860,000 feet of raw footage. This is a short review of a big movie.
“Giant” is what it is, so take it or leave it: a ridiculously oversized 1950s soap opera epic. It’s big to the point of being obscene, tedious hours long, often stilted and inaccessible, and monstrously over-scored. Stiff cameras look over huge vistas and process shots in 35mm that wants to be 70mm. Men come in from hours in the dust with mousse-drenched hair while women cake themselves in makeup. Spurs are worn indoors. The young people we meet at the beginning are grandparents at the end and I’m sure some kid gets fatally thrown by a horse. (Is there any movie besides “Barry Lyndon” where this doesn’t feel contrived?) Replace Egypt with the big sky country in Texas, replace the Exodus with the oil boom in the early part of the 20th century, give pharaoh a pompadour, and replace Yul Brynner with James Dean, and it’s basically “The Ten Commandments.”
Based on the doorstop by Edna Ferber, not to be confused with adult film star Edna Ferberger, we watch Central Texas—the part without hills or grass—as it goes from ranch land to oil land. Much in the same way a certain other Southern epic uses a drawn-out runtime to emphasize the passage of history, the change of social mores, and the young becoming old and a bit confused, so does this film. Our eyes belong to the Benedicts, an old family of rancher aristocrats. The favored son, Bick Benedict, (Rock Hudson) brings back an Eastern bride (Elizabeth Taylor), who shares an unacknowledged attraction with a dinghy cowhand named Jett Rink (Dean). Nothing ever comes of the attraction, but it gives a subtext to the class-based antagonism between Bick and Jet. Taylor comes along with all kinds of far-out ideas that make the Texans uncomfortable, like not shuttin’ the hell up just ‘cuz her man says fer her to.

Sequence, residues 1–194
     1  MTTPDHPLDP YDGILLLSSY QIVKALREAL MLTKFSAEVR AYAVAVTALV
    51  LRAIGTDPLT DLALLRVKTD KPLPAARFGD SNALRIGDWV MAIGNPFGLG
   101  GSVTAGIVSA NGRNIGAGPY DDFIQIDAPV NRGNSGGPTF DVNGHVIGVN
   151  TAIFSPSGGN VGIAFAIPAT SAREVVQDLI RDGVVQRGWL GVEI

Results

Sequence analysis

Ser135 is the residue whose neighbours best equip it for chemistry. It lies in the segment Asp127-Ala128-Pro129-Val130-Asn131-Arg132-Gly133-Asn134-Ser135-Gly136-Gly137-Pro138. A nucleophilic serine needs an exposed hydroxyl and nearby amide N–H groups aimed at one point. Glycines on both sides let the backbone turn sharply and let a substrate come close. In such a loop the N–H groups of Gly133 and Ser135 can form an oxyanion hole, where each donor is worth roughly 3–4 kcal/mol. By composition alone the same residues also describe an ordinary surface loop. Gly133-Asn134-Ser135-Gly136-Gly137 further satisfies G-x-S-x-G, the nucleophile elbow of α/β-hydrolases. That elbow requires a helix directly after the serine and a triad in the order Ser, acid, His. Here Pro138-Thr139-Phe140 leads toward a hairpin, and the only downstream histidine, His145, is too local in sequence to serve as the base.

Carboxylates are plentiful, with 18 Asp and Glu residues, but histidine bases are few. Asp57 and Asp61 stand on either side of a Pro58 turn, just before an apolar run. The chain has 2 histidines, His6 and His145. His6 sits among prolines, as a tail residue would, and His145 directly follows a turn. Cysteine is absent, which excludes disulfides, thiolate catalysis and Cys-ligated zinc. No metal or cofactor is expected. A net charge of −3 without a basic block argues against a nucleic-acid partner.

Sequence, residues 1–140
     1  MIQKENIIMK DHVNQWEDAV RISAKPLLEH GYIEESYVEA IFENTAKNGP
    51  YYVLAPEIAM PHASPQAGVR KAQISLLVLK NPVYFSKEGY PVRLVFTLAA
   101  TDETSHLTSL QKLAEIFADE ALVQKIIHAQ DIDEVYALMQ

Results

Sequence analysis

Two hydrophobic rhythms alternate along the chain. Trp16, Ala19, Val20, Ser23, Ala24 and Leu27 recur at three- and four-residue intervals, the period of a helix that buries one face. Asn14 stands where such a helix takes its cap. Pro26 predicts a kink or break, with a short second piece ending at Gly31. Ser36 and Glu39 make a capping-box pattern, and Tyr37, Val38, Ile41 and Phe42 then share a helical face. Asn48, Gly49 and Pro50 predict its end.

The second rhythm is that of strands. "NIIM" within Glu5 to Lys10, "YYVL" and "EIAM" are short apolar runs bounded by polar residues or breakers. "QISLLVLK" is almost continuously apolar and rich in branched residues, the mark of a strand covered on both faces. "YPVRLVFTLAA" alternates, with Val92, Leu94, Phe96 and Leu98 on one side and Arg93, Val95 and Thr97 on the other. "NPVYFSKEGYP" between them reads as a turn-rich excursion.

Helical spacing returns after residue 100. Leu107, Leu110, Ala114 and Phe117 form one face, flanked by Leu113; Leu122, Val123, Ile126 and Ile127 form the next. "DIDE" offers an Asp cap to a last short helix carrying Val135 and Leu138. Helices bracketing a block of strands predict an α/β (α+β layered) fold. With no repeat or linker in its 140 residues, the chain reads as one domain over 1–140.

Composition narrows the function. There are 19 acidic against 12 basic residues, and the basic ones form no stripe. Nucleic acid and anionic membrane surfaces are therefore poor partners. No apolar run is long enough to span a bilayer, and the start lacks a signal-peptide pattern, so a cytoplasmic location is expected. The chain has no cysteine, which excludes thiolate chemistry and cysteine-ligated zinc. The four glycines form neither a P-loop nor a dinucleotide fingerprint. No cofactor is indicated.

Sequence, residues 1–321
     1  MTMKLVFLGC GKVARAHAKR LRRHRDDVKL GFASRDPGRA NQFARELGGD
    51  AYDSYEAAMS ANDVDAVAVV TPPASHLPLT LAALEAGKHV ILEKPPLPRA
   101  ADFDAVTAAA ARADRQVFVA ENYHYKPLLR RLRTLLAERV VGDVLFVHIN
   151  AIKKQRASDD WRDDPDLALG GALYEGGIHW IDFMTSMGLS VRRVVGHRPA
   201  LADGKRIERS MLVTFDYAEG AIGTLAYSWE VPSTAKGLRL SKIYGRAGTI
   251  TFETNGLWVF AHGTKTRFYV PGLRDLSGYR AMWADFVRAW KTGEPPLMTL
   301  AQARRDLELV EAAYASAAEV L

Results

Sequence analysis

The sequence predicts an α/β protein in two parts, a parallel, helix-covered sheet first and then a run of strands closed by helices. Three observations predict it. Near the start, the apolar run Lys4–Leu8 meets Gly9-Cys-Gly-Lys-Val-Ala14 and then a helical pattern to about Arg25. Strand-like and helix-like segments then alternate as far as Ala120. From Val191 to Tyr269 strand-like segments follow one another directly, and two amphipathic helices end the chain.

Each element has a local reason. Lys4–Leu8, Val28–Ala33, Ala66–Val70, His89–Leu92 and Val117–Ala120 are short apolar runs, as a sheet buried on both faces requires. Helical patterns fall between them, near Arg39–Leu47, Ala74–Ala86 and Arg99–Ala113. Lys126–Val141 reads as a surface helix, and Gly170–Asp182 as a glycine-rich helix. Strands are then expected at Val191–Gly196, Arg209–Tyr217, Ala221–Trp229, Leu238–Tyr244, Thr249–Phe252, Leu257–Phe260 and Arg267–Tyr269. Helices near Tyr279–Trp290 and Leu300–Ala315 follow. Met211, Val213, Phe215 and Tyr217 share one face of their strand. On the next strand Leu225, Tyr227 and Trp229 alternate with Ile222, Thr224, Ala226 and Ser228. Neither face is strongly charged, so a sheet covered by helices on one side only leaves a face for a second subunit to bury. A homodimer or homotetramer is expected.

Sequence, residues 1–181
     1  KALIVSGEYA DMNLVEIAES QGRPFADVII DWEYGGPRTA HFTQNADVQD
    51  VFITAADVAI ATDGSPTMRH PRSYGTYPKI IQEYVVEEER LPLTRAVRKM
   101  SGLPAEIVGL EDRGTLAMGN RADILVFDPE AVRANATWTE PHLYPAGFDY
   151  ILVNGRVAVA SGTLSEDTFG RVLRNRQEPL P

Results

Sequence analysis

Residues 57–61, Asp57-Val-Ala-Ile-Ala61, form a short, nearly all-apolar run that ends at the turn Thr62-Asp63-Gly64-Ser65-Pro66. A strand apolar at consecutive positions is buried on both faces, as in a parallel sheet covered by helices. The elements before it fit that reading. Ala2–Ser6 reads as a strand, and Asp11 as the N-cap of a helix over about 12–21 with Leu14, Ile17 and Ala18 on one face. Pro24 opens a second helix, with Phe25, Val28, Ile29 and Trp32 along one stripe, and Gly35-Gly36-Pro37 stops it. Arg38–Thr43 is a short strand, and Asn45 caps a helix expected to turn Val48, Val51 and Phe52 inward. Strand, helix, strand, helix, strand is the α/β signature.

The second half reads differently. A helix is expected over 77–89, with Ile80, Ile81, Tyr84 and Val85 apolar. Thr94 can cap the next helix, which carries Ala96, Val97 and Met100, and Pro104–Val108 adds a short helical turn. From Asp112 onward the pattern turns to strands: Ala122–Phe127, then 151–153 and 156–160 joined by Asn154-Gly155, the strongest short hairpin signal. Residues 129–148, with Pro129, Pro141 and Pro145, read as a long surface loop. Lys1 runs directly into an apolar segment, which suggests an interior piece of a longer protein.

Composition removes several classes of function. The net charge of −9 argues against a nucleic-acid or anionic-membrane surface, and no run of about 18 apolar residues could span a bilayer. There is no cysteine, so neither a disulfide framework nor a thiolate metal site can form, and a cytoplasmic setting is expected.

Let me just type that again: “Bick Benedict.” “Jett Rink.” Wow.
Jet becomes drenched in money when he becomes drenched in crude. We love and hate Dean as Jet—he steals the show, and it was his final show—as he gives the entitled their comeuppance. He eventually sinks into drunken, empty wealth, envious of Bick for having the woman he loves, nasty to Mexicans because insecure ex-poor people tend to be mean to current poor people to emphasize the difference. His method acting, which consists of a lot of talking into his chest, is the way of the future, just like the oil. The star system of Hudson and Taylor is the obsolete cattle of the past.
“Giant” also explores how the rich man’s financial humbling at the hands of a former cowhand helps him to overcome his racial prejudices. It’s pretty satisfying to watch his ass get kicked in defense of his half-Mexican grandson in a diner. The movie throws around the phrase “wetback” a whole lot and the movie Mexicans are either white guys in brown face or the result of cinematographers who aren’t used to other skin tones.
Dean is joined by his “Rebel Without a Cause” alum Dennis Hopper as one of Hudson’s sons. The movie has been called “The National Movie of Texas” by some Texans, but my money’s on “Days of Heaven.” Yeah, what a shock, I like art movies.
Finished Thursday, June 16th, 2005
Copyright © 2005 Friday & Saturday Night
What do you think of Giant
Share your opinions on our forum